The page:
Don’t jump: Communities learn that bridge fencing saves lives
When the Eighth Street Bridge opened for traffic on Nov. 17, 1913, in Allentown, Pa., it was the longest and highest concrete bridge in the world. At 2,650 feet in length, 45 feet in width and 138 feet high, the reinforced concrete, open-spandrel arch extended over the Little Lehigh Creek joining the city’s center area to its south side. On a daily basis, the Albertus L. Meyer Bridge — as it was formally named in 1974 — carries a traffic volume of nearly 17,000 vehicles, and in the century since its construction, it has also been the site of approximately 80 suicides.
Although they account for only 5 percent of all suicides in the U.S., “bridge jumpers” are a serious concern for communities whose structures are sought out by those desperate to end their lives and community leaders are determined to do something about it before more deaths occur.
“If we can make it harder for people to kill themselves, then they are less likely to commit that act,” said Rep. Mike Schlossberg, D-Lehigh.
Acting on impulse
The solution, according to advocates, is the installation of barriers along those bridges that have earned a reputation as a suicide “hot spot.” These include the iconic Golden Gate Bridge in San Francisco, where at least 1,600 people have leapt to their deaths since 1937; the Colorado Street Bridge in Pasadena, where 150 people have died since 1919 and the UT-202 overpass in Magna, Utah, where a man fell off the overpass and was hit by several vehicles traveling along I-80 in August 2018.
It is a solution that is not without controversy. Those who oppose the barriers argue that these fences often disrupt the aesthetics of a historical structure, they cost too much for the small number of lives that could potentially be saved and that preventative measures at one location will not stop someone from committing suicide elsewhere or by another means — a term known as “displacement.” And while there is some evidence to suggest that displacement can occur when someone is determined to kill themselves regardless of the obstacles in his or her way, researchers have learned that barriers have an impact on those acting in the heat of the moment.
“Suicides are on the rise and we are at a 50-year high,” said Schlossberg. “We are losing people annually, and if we can reduce access for those with impulsive suicidal thoughts, then perhaps we can get them the help that they need.”
Although suicidal jumps fall far behind incidents involving firearms, there is a correlation between the two. Individuals who choose one of these two methodologies are looking for the quickest and most lethal way of ending their lives. They don’t want to hesitate, because hesitation leads to second thoughts. A 2015 case study Michael Westerlund, Gergo Hadlaczky and Danuta Wasserman published by the British Journal of Psychiatry suggests that hesitation prior to a suicidal act means that the choice between life and death remains an open question until the end. The “to be or not to be” moment means there is still time to reconsider the choice and that’s where barriers come into play.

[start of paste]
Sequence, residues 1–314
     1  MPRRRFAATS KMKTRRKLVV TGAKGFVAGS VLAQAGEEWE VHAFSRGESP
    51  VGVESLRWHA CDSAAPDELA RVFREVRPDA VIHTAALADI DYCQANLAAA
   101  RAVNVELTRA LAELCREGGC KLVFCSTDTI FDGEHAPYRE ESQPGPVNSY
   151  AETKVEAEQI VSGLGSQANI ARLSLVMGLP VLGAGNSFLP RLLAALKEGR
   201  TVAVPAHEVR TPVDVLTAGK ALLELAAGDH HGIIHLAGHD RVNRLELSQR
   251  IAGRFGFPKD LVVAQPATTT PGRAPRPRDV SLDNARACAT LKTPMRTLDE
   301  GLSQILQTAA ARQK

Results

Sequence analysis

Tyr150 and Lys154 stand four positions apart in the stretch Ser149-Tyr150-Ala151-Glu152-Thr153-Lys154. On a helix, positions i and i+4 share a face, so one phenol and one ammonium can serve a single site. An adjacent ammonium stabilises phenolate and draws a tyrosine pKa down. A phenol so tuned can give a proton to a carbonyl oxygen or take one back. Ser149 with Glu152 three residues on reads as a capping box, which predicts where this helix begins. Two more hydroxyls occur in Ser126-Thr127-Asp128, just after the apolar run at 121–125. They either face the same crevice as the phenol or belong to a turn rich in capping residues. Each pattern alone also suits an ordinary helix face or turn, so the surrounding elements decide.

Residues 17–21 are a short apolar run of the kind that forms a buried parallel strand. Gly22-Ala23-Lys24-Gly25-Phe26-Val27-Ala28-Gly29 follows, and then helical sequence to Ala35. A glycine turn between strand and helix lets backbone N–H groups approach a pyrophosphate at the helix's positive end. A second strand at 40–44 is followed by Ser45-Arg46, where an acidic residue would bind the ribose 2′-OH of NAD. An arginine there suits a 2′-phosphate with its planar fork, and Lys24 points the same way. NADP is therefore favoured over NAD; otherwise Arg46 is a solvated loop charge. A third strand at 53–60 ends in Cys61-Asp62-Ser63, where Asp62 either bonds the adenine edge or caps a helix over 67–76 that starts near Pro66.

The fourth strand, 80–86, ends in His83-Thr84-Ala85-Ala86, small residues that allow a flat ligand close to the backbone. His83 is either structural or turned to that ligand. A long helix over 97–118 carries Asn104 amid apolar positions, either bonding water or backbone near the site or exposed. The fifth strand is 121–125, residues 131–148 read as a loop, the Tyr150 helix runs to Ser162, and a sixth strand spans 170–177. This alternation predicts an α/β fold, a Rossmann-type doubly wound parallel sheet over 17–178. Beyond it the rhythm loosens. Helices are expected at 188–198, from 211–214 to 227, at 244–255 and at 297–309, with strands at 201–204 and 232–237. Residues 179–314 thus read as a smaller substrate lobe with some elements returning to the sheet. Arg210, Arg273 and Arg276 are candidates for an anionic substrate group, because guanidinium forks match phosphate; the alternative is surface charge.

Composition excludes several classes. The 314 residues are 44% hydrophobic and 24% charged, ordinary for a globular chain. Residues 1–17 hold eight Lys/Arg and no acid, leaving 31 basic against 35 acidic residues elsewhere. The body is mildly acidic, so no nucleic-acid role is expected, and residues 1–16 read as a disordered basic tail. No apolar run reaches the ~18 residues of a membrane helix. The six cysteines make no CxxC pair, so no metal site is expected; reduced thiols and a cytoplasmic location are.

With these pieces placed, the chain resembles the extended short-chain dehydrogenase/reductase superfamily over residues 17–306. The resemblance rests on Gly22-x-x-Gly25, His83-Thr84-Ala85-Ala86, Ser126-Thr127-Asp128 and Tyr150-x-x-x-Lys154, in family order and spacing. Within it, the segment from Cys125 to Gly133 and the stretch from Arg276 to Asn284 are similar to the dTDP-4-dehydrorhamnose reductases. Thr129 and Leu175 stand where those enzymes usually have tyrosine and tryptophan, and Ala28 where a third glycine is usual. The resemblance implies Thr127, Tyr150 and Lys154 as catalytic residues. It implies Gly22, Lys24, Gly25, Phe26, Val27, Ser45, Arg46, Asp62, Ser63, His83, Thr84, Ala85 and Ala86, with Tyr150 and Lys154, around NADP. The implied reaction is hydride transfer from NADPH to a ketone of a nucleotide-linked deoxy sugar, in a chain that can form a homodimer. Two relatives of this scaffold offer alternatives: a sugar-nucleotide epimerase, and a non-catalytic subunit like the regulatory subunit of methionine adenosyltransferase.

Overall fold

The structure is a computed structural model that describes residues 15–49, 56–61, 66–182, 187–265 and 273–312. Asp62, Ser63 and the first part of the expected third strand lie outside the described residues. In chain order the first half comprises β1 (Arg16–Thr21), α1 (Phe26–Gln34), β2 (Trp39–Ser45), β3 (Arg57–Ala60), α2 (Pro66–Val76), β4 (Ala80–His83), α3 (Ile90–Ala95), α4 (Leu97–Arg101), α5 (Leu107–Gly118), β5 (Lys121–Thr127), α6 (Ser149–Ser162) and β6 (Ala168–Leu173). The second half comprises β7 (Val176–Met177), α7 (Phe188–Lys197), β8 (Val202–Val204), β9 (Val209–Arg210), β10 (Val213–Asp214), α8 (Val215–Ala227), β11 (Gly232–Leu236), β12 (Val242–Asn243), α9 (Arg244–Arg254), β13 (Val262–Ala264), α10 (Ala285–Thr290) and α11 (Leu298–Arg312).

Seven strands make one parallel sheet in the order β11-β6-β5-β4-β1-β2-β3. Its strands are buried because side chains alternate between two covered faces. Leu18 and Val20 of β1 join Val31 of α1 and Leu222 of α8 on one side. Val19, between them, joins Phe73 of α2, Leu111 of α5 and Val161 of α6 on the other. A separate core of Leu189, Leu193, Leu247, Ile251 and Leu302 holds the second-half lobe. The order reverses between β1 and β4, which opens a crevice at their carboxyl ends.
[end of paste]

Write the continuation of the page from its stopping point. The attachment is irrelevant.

“It’s a small step, but it is an important step,” Schlossberg said.
Worth the cost
While nothing will stop all incidents of suicide jumping, structural interventions at suicide hotspots can avert tragedies at these sites. Greg Marley, LCSW, clinical director and senior trainer with the National Association of Mental Illness, said 90 percent of those who were deterred by barriers — and seek out behavioral care — don’t repeat their suicidal attempt.
“Someone in suicidal crisis can be interrupted or slowed down so the moment passes and they can get beyond it,” he said. “It’s a combination of fencing and suicidal hotline signage. Help is available and that makes a difference.”
And communities have concluded that these fences are worth the cost. With an average of three suicides per year from 2007-2016, nine in 2017 and four as of August 2018, Pasadena City Manager Steve Mermell decided the time had come to take action. The city council approved $295,932 for a 10-foot, close weave mesh fence that is very difficult to climb.
The Eighth Street Bridge got its suicide barrier during a massive renovation to commemorate its 100th anniversary in 2014, but there is more work to be done. In 2017, Pennsylvania Sen. Gene Yaw proposed a bill for Pennsylvania Department of Transportation to erect protective fencing on new bridges and those undergoing repairs on interstate highways after a rock was thrown from an I-80 overpass.
The rock smashed through a car’s windshield and hit the driver, causing massive brain injuries and severe damage to one of her eyes.
Schlossberg took the bill further, adding an amendment that would require PennDOT to consider protective fencing to known suicide spots. The bill and its amendment passed unanimously and were signed into law by Gov. Tom Wolf in July 2018.
Schlossberg said he wishes every piece of legislation received the same level of bipartisan support that this bill garnered because there is still more to do and not all of it can be solved with infrastructure improvements.
“People need increased access to mental health care services and that requires funding so there is still more work to do, but this is an important step towards reducing the massive spike in suicides that we have seen over the past two decades,” he said.
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